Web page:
We are so used to printing our own business cards, letterhead, and other personal business communications on our home printers that we forget that just a generation ago it was normal to take those sorts of things to a local print shop.
Now, there is a growing movement numbering in the thousands that print simple replacement parts, devices, and even some increasing complicated machines at home rather than buying them at a hardware store. This sort of decentralized manufacturing on demand could change everything. No more shipping goods from China.
And, October also brought to print a completely different type of article published in a radically different publication.
Many churches have experienced either good or bad media coverage from time to time, but how do you build a really strong and lasting relationship? That’s the question I set out to answer for an article in the United Church Observer.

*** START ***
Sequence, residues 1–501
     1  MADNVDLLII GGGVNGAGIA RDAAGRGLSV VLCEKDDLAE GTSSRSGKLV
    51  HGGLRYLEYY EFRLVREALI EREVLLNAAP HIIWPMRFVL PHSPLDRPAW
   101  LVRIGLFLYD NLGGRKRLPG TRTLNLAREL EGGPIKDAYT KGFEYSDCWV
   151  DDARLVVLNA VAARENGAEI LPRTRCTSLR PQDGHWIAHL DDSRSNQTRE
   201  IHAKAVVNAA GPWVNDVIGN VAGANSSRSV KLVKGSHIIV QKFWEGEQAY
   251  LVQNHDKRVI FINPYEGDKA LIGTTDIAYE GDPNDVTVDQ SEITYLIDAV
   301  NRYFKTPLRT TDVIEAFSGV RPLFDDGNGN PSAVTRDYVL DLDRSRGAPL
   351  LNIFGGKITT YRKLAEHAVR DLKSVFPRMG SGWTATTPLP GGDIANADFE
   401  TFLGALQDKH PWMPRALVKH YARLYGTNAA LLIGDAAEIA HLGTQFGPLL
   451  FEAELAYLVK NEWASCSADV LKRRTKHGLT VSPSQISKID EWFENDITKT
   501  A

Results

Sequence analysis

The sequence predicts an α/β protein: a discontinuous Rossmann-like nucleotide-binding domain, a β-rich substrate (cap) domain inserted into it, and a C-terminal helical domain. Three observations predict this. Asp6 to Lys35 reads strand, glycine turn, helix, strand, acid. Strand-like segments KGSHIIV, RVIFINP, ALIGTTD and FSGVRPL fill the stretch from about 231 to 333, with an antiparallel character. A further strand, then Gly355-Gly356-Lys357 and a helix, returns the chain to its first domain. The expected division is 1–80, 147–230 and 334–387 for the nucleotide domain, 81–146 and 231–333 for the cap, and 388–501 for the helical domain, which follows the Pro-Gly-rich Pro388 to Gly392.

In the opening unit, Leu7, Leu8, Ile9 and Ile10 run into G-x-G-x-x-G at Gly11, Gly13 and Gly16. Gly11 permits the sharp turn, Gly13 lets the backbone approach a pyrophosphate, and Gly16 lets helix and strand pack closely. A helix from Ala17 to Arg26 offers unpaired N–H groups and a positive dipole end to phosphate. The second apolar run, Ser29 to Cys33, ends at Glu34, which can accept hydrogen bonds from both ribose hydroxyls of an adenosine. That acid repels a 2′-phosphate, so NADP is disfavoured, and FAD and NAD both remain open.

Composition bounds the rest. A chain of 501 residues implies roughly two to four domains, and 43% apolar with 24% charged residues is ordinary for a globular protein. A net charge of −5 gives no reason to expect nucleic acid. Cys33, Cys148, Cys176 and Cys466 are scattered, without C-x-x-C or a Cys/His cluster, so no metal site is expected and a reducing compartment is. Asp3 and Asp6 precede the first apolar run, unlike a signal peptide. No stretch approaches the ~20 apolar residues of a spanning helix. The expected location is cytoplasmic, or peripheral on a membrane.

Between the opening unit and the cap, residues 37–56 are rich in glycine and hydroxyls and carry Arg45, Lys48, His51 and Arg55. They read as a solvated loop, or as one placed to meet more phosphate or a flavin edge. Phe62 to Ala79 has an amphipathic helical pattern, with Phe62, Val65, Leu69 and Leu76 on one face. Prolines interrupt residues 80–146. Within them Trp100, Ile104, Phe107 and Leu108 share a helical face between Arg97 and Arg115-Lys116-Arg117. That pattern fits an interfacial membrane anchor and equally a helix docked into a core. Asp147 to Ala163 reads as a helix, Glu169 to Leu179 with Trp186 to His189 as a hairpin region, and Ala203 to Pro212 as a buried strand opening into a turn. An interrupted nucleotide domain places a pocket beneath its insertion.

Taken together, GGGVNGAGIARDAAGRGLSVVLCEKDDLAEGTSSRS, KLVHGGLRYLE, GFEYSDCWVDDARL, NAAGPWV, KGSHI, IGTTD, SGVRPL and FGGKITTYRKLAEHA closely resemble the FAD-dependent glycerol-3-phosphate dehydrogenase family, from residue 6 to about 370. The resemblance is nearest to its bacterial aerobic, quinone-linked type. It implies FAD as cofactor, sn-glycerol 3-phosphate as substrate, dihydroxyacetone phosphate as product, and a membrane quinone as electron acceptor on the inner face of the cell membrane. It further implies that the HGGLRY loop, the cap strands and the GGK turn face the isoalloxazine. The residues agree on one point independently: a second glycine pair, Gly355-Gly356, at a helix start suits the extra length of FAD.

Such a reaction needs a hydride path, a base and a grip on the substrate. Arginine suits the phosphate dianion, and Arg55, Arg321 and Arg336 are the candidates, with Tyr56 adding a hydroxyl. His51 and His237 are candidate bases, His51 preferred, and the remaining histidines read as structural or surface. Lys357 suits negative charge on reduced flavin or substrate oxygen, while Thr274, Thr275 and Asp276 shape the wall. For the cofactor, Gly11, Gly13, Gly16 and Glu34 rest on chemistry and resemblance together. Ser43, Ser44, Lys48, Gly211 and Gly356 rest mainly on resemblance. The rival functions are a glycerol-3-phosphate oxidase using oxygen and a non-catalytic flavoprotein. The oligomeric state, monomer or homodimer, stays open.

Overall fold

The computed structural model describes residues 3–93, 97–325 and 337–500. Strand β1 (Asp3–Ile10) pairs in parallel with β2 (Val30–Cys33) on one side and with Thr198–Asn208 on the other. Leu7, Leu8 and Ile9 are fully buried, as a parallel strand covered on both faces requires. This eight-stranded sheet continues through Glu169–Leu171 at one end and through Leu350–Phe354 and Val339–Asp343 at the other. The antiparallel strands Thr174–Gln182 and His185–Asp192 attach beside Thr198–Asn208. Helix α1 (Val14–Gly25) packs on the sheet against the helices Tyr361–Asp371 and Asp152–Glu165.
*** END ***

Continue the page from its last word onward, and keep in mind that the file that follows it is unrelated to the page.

The article had me talking to ministers and editors across the country about the give and take between reporter and reportee. One of my favorite stories involved a church about a 30 minute drive from my home that decided to publicize the fact that they hadn’t raised enough money for a Habitat for Humanity build. By being open and honest about their challenges, another local group actually agreed to contribute the remainder needed and the build went ahead.
Unfortunately you won’t find a copy of my article online, but if you sneak into any United Church they will likely have a copy of the October issues still sitting out.